Iran lawmakers raise missile, Guard spending to challenge US

This photo taken on Sunday, Feb. 19, 2017, shows an open session of the Iranian parliament in Tehran, Iran. Iran's parliament voted overwhelmingly Sunday to increase spending on its ballistic missile program and the foreign operations of its paramilitary Revolutionary Guard, chanting "Death to America" in a direct challenge to Washington's newest sanctions on the Islamic Republic. (AP Photo/Vahid Salemi)
In this photo taken on Sunday, Feb. 19, 2017, lawmakers attend an open session of the Iranian parliament in Tehran, Iran. Iran's parliament voted overwhelmingly Sunday, Aug. 13, to increase spending on its ballistic missile program and the foreign operations of its paramilitary Revolutionary Guard, chanting "Death to America" in a direct challenge to Washington's newest sanctions on the Islamic Republic. (AP Photo/Vahid Salemi)
In this photo taken on Sunday, Feb. 19, 2017, lawmakers attend an open session of the Iranian parliament in Tehran, Iran. Iran's parliament voted overwhelmingly Sunday, Aug. 13, to increase spending on its ballistic missile program and the foreign operations of its paramilitary Revolutionary Guard, chanting "Death to America" in a direct challenge to Washington's newest sanctions on the Islamic Republic. (AP Photo/Vahid Salemi)
This photo taken on Sunday, Feb. 19, 2017, shows an open session of the Iranian parliament in Tehran, Iran. Iran's parliament voted overwhelmingly Sunday to increase spending on its ballistic missile program and the foreign operations of its paramilitary Revolutionary Guard, chanting "Death to America" in a direct challenge to Washington's newest sanctions on the Islamic Republic. (AP Photo/Vahid Salemi)

TEHRAN, Iran — Iran's parliament voted overwhelmingly Sunday to increase spending on its ballistic missile program and the foreign operations of its paramilitary Revolutionary Guard, chanting "Death to America" in a direct challenge to Washington's newest sanctions on the Islamic Republic.

The lawmakers' vote comes amid growing anger in Iran over U.S. President Donald Trump's threats to renegotiate the nuclear deal struck with world powers in 2015. While they stressed the bill wouldn't violate the terms of that agreement, it again increases the friction between the two nations that routinely have tense encounters in the Persian Gulf.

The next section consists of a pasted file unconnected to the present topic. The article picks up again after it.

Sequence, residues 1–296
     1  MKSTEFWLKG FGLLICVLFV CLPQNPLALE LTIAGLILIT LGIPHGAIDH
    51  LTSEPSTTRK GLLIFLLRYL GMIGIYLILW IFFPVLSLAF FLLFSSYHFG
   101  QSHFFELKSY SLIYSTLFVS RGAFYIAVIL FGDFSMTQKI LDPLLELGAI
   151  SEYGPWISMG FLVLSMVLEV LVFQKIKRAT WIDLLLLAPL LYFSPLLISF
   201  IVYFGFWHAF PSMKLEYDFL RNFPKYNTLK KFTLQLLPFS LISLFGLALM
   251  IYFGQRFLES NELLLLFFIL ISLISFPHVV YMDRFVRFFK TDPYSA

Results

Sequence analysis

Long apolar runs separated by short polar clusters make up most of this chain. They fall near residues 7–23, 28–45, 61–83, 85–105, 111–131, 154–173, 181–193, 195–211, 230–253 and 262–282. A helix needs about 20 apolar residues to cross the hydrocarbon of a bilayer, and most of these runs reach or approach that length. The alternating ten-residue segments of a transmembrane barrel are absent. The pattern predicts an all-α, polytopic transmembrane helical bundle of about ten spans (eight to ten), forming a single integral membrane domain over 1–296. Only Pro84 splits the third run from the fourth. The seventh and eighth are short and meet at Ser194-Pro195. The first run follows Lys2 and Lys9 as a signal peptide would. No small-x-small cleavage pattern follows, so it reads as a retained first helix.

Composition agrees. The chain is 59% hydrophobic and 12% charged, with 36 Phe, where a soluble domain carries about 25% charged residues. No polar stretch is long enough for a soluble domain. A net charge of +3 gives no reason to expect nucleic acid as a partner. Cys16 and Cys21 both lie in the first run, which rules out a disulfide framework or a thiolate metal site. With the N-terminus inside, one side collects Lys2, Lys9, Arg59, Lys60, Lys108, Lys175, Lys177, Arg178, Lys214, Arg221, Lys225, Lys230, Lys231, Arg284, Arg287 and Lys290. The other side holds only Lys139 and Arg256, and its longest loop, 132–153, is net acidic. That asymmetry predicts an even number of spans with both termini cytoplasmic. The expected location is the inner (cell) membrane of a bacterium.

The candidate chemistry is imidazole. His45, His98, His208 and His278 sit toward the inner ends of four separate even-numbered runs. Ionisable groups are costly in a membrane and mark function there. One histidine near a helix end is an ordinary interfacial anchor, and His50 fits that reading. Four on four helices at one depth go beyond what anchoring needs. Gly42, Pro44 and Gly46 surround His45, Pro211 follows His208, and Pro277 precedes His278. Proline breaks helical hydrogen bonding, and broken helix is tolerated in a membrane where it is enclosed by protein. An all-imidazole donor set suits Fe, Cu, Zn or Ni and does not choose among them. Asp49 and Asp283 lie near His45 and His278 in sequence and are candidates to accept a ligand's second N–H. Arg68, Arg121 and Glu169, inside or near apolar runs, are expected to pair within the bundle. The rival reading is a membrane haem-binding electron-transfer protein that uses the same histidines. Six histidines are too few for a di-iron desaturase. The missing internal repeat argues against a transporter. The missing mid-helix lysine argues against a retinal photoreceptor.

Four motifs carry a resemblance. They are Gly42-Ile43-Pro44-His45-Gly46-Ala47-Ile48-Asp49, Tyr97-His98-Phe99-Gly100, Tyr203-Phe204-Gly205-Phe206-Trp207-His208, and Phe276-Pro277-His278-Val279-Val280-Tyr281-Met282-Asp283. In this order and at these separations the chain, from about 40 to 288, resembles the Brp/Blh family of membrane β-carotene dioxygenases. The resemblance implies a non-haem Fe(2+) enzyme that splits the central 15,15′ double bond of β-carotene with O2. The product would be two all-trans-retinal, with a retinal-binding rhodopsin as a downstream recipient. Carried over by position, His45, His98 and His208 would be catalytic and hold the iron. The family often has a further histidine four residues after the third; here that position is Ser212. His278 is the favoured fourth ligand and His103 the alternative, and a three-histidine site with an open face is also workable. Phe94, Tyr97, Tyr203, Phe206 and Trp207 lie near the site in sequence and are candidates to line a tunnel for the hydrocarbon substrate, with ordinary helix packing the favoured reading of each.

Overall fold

In a session Sunday, 240 lawmakers voted for the bill, with only one abstention from the 247 legislators on hand, Iran's state-run news agency IRNA reported.

The bill now heads to an oversight committee called the Guardian Council, which is expected to approve it. Abbas Araghchi, a deputy foreign minister and senior nuclear negotiator on hand for the vote, said moderate President Hassan Rouhani's government would support the bill.

"The bill has very wisely tried not to violate the (nuclear deal) and also gives no chance to the other party to manipulate it," he said in comments reported by IRNA.

Under terms of the bill, some $800 million will be put toward several projects, including the Defense Ministry and its intelligence agencies. Among the agencies receiving money would be the Revolutionary Guards' Quds force, an expeditionary force run by Gen. Qassem Soleimani, who has been in Syria and Iraq.

The Guard, separate from Iran's conventional military forces, answers only to Supreme Leader Ayatollah Ali Khamenei.

The bill also imposes a visa and travel ban on U.S. military and security organizations and their commanders who have provided financial, intelligence, military, logistic and training support to terrorists in the region, naming the Islamic State group and the Syrian branch of al-Qaida.

Iranian officials often accuse the U.S. of being involved with both groups. The U.S. is actively involved in a massive military campaign against the Islamic State group and has struck the al-Qaida affiliate as well.

Perhaps more relevantly, the bill also includes banning visas for American officials involved with the Iranian exile group called the Mujahedeen-e-Khalq. Prominent U.S. lawmakers and politicians have met with the group and spoken at its rallies. The MEK has paid one of Trump's Cabinet members and at least one adviser in the past for giving such speeches.

IRNA also referred to the money also being used to develop nuclear propellers. In December, Rouhani ordered officials to draw up plans on building nuclear-powered ships, something that appears to be allowed under the nuclear deal, over an earlier dispute on U.S. sanctions under the Obama administration.

Trump signed a sanctions bill earlier this month that included new measures imposed on Iran. That sparked new outrage in Iran, with Foreign Minister Mohammad Javad Zarif accusing Trump of trying to "kill" the nuclear deal.

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Gambrell reported from Dubai, United Arab Emirates.

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